15 Bad Networking Habits That Will Kill Your Job Prospects

by Tisha Tolar on 21 February 2014 0 comments

For those facing the competitive arena of the job market you likely know that networking with other people in your peer group and beyond could be the ideal way to get your foot in the next door with a job opening. Networking has helped many land great jobs. (See also: 15 Simple Networking Tricks)

However helpful networking can be to your job-finding success, it can also kill any prospects you have on a potential job, especially if you are doing it wrong. Here are 15 job prospect-killing moves you may be guilty of in your search for a new job.

1. Networking With Your Current Boss's Allies

Many people make the mistake of not researching with whom they are speaking. If you talk down your current boss to an acquaintance of his or hers, you likely not only kill any chance of getting a new job, you may be putting your current job at risk.

2. Projecting Poor Body Language

When meeting a potential job contact in person, it is important that you maintain a professional presence no matter the location in which you are meeting. Make sure to make eye contact, offer a firm handshake, and watch your non-verbal actions. If you have a tendency to smirk or roll your eyes, your contact may dismiss you before even finding out about your experience. (See also: 16 Ways to Improve Your Body Language)

3. Using Terrible Grammar

If you are meeting a networking contact via email, you better make sure your writing skills are up to snuff. Use complete sentences, and don't speak in Internet slang better reserved for texting your friends. Keep profane words out of the conversation and double-check for typos prior to hitting send. If meeting in person, enunciate your words and speak concisely and clearly without slang words.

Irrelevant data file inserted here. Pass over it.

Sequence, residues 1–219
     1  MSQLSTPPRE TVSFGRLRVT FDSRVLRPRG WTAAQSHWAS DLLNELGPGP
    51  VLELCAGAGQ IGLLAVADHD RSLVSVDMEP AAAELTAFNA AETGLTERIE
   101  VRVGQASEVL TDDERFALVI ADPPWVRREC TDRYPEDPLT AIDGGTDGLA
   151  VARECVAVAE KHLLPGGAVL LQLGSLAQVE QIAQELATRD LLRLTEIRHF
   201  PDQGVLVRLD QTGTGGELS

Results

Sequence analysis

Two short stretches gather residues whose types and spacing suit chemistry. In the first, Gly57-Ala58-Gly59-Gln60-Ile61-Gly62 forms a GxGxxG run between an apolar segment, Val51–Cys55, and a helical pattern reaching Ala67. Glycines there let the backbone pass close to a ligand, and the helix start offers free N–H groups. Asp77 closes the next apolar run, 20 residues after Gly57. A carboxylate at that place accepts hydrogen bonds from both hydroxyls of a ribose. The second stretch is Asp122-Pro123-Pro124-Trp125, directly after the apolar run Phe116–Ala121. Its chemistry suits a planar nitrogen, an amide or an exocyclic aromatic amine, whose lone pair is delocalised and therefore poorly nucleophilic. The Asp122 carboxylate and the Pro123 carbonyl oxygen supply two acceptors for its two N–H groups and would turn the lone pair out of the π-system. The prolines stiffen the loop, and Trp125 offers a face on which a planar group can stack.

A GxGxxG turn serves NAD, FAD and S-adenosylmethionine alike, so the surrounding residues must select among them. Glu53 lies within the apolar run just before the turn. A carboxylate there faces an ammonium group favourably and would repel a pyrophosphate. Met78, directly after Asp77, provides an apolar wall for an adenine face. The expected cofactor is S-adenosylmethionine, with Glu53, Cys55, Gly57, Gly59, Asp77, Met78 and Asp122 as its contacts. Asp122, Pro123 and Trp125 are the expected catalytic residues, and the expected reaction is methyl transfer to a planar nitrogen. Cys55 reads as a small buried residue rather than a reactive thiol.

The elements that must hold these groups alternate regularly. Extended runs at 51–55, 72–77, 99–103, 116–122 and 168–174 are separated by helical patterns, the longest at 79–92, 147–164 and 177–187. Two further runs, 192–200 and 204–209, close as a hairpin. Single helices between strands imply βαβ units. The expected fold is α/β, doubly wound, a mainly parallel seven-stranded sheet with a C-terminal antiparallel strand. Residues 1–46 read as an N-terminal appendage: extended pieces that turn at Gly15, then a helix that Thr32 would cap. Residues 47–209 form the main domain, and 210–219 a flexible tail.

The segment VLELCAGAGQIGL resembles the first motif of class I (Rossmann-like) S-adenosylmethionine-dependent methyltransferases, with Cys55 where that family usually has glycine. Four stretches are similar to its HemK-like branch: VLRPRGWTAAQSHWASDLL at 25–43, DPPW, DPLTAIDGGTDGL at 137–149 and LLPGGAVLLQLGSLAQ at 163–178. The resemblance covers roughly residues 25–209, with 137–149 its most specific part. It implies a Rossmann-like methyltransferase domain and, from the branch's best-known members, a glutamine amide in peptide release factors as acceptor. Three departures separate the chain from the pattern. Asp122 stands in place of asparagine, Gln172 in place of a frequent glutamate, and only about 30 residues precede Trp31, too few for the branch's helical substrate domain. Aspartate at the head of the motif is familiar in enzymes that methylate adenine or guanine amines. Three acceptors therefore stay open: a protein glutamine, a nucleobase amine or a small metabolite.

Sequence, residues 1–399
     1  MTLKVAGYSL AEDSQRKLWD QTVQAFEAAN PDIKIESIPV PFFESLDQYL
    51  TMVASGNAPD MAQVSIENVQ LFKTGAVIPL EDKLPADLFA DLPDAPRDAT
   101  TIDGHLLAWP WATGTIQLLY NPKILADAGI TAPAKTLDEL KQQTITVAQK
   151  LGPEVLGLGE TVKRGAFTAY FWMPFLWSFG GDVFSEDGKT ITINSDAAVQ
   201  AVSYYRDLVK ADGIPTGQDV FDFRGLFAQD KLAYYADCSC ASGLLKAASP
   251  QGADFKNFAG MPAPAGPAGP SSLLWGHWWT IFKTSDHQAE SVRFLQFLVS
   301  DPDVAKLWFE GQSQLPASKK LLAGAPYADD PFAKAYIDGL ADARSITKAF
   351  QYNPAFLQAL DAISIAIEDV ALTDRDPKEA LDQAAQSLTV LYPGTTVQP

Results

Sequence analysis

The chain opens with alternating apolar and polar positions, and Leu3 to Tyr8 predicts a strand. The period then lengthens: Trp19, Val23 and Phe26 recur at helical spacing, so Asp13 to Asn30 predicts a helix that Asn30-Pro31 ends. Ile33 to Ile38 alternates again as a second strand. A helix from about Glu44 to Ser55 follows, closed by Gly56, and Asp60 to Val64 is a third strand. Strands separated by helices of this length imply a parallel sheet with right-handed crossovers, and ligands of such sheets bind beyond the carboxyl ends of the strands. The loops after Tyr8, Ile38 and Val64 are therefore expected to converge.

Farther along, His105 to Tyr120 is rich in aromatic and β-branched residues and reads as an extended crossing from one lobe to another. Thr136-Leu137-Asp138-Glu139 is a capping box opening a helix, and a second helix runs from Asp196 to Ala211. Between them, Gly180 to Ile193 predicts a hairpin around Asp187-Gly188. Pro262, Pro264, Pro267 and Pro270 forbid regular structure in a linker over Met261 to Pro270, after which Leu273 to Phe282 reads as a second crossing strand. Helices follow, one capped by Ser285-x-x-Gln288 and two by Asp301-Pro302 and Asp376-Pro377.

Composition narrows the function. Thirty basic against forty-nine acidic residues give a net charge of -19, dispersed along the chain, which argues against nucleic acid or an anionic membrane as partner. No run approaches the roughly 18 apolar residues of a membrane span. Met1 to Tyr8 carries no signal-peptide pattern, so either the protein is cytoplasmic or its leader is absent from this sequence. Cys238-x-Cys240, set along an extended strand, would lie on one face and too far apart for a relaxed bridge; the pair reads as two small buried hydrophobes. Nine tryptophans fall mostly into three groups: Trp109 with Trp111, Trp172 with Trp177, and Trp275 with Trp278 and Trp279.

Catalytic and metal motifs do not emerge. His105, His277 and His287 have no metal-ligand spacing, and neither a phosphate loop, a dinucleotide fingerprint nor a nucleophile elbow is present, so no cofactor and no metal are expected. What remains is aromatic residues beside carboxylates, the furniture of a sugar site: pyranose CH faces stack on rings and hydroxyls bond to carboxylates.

4. Being a Wallflower

If you are in an environment that is all about networking and making connections but choose to cling to the edge of the room instead of mingling, you likely are ruining a possible good first impression. It may be better to skip these events altogether than give off a bad vibe.

5. Having Poor Manners

Whether online or off, manners are still required. A simple "please" and a "thank you" will get you far. Never interrupt conversations already in progress just to get in a handshake. Lack of manners or basic courtesies are a turn off to many people looking to recruit new talent. Those who consider you to be rude are likely not going to refer you to their own contacts. (See also: Etiquette Rules You Should Follow)

6. Missing Contact Info

If you are providing others with your business card or other contact information, make sure the details are correct. Someone may be more than interested in giving you a shot at a job but will easily become frustrated when they can't get in touch with you because your phone number has been disconnected or your email account is no longer active.

7. Delaying a Response

If you tend to procrastinate on new interview requests or other job inquiries, you may be showing your true colors to a potential employer. If you have successfully networked with other contacts who in turn contact you for a job, make sure to follow up on emails or phone calls. If you fail to get back in touch within 24 hours, you may be perceived as unreliable.